Annotation is an important skill that makes readers interact and connect with a text. It transforms readers from third-party observers into a part of the story, supporting deeper understanding and improved retention.
Instead of simply reading along, those who learn to take effective notes question, analyze, and think critically about the information they’re absorbing. In short, annotation is a key piece of the critical thinking puzzle!
But as a wise man once said, “don’t take my word for it.”
“My students are able to find main ideas in their texts and flag things that are confusing or interesting.” –Sara Rao: 1st Grade Teacher, Fort Atkinson School District, Wisconsin
“I believe this is a skill they will continue to use in elementary school, middle school, high school and higher education and I want to make sure they learn effective strategies for note-taking/annotations early on. My goal is for students to eventually be able to pause and analyze important concepts and information independently.” –Melissa Garcia: 3rd and 4th Grade Teacher, Schaumburg School District 54, Illinois
“Annotation can be challenging, but I feel that it’s a very important skill for them to learn…It allows teachers to monitor student’s learning, check for comprehension, and make sure that students are pulling out key points from the text. It’s also a way for students to reflect on how they are doing with a specific piece of information.” –Heather Fetherston: 4th Grade Teacher, Jefferson School District, Wisconsin
So, how can you support close reading with specific activities? Don’t worry – I have you covered! Try this three-part strategy for developing close-reading skills through annotation.
Part 1: Explore new vocabulary
Choose a text. As students read it through the first time, ask them to highlight* unknown words to investigate.
Part 2: Pulling out key concepts
Pose teacher-led questions** as they read through for a second time. This allows the teacher to not only check for student comprehension but also to review the student’s ability to supply the new information in their own words.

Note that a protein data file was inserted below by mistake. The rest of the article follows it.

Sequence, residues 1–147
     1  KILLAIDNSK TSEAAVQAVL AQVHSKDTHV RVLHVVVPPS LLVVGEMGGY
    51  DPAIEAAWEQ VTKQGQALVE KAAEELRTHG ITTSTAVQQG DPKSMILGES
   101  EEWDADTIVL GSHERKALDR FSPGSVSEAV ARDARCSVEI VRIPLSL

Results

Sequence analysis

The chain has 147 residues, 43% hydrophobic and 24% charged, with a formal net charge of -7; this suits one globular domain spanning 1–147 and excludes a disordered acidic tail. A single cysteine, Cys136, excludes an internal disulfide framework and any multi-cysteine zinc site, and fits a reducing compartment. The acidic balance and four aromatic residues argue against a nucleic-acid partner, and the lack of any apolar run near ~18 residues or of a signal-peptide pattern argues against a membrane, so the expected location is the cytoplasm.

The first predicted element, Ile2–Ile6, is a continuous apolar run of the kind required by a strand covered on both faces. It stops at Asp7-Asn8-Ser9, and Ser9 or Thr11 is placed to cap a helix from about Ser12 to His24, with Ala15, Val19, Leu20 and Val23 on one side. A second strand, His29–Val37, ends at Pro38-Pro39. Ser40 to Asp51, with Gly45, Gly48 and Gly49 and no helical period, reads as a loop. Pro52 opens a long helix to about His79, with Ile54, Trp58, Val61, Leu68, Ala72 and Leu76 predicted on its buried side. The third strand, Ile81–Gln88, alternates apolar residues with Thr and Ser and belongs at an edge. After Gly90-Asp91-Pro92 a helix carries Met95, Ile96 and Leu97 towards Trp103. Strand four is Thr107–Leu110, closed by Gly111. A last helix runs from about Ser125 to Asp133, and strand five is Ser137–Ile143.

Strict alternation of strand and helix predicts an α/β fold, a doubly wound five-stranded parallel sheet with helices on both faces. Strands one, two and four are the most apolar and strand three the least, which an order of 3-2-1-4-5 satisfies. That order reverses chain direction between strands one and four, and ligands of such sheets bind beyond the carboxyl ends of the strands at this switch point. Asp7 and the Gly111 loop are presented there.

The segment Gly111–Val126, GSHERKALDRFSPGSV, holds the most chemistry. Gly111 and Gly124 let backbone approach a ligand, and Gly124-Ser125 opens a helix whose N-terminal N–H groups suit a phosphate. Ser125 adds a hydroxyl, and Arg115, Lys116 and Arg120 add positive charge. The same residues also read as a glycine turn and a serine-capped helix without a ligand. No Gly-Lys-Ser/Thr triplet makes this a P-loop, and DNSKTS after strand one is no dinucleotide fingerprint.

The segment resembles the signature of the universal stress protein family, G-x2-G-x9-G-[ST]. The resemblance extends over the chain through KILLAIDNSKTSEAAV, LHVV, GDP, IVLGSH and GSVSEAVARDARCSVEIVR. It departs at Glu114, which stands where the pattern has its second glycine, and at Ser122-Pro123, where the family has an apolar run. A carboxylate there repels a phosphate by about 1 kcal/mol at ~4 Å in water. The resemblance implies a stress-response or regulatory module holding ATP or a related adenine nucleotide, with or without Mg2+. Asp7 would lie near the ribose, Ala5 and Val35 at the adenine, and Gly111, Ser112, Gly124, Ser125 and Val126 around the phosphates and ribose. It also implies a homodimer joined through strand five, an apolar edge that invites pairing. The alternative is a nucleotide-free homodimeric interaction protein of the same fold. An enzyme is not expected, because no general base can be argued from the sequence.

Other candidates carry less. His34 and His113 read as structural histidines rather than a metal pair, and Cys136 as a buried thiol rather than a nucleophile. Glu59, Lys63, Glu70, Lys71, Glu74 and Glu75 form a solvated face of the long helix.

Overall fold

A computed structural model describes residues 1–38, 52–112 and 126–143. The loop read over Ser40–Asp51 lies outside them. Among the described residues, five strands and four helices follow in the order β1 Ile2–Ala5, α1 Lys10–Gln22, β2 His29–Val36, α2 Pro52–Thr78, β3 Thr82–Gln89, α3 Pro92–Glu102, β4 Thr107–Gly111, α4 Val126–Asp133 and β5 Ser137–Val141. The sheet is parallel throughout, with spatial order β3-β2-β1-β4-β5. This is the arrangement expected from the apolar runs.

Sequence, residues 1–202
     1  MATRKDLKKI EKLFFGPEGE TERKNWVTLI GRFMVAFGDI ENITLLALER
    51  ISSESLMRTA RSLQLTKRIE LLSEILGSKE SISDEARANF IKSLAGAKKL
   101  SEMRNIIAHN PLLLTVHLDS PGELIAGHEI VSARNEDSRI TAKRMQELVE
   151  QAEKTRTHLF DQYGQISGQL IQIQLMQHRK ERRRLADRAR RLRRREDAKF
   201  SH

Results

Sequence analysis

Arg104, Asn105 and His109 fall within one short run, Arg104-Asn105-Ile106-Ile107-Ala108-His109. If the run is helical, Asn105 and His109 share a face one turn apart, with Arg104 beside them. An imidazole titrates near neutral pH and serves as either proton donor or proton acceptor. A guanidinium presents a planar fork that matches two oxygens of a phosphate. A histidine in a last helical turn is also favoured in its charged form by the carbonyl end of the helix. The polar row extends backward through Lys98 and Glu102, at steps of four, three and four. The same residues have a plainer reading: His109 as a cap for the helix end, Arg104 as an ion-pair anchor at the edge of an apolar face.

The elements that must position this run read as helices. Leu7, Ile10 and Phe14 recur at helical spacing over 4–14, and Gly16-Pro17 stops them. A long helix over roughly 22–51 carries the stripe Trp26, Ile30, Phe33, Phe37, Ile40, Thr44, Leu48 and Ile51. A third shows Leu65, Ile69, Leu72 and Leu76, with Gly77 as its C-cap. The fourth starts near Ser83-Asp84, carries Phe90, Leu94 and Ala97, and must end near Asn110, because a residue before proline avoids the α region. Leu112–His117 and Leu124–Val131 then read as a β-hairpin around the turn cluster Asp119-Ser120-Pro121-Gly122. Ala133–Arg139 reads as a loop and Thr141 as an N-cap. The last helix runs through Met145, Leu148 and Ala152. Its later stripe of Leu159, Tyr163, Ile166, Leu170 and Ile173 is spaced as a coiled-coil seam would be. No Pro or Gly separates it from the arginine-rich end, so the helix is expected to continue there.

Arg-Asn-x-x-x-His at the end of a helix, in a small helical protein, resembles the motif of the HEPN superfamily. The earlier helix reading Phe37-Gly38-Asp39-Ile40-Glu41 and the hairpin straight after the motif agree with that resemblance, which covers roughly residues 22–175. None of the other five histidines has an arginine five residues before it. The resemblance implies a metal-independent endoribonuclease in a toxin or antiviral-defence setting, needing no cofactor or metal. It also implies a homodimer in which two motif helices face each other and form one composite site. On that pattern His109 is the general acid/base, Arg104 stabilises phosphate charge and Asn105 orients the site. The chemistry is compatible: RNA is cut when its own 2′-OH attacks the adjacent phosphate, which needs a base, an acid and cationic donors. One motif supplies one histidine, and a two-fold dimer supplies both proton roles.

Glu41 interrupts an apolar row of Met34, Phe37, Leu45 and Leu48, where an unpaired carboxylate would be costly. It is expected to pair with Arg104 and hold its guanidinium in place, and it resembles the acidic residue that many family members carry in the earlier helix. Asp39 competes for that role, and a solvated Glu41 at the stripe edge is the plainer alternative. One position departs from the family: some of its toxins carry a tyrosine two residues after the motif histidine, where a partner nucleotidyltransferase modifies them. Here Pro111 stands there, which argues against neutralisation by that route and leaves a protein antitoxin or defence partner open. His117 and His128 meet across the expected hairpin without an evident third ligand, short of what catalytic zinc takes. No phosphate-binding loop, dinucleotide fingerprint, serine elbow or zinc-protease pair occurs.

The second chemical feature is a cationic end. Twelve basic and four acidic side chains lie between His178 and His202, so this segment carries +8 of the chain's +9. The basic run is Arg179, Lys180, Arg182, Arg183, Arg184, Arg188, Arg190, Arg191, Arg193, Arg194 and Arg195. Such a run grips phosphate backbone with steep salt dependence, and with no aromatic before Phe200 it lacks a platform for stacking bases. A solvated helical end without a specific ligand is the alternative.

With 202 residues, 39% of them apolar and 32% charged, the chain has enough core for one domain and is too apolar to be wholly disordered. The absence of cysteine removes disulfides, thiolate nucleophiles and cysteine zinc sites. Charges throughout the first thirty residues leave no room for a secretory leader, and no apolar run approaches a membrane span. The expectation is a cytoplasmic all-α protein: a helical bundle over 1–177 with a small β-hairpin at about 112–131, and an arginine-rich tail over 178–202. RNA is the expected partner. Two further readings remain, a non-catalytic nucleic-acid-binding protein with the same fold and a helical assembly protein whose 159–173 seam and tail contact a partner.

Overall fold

Part 3: Inspire student-led inquiry
Have students follow the inquiry model as they read through the text for a third time and formulate*** their own questions for further study.
Now go give it a try!
Note: We’ve used Britannica LaunchPacks: Social Studies in this annotation activity. If you aren’t already a user, you can get free access now to 1,600 curriculum-relevant subject Packs that include organized supplemental resources, such as informational text, media, timelines, maps, and primary sources.
*If you’re using a LaunchPacks article, have students use the color-coded “Vocabulary” annotation category. Once the article has been highlighted, the student can switch back to “read” mode and use the double-click dictionary to hear the pronunciation and read the definition.
**If you’re using a LaunchPacks article, you can add notes into a specific article, or, if you want students to look at multiple texts within a Pack, you can add a note to the entire Pack. With either of these note-adding techniques, your note will carry over into the article view and students can see the questions as they read the text.
***If you’re using a LaunchPacks article, students can use the color-coded “Question” annotation category to highlight text in the article that sparked a question. They can type their question in the comment box.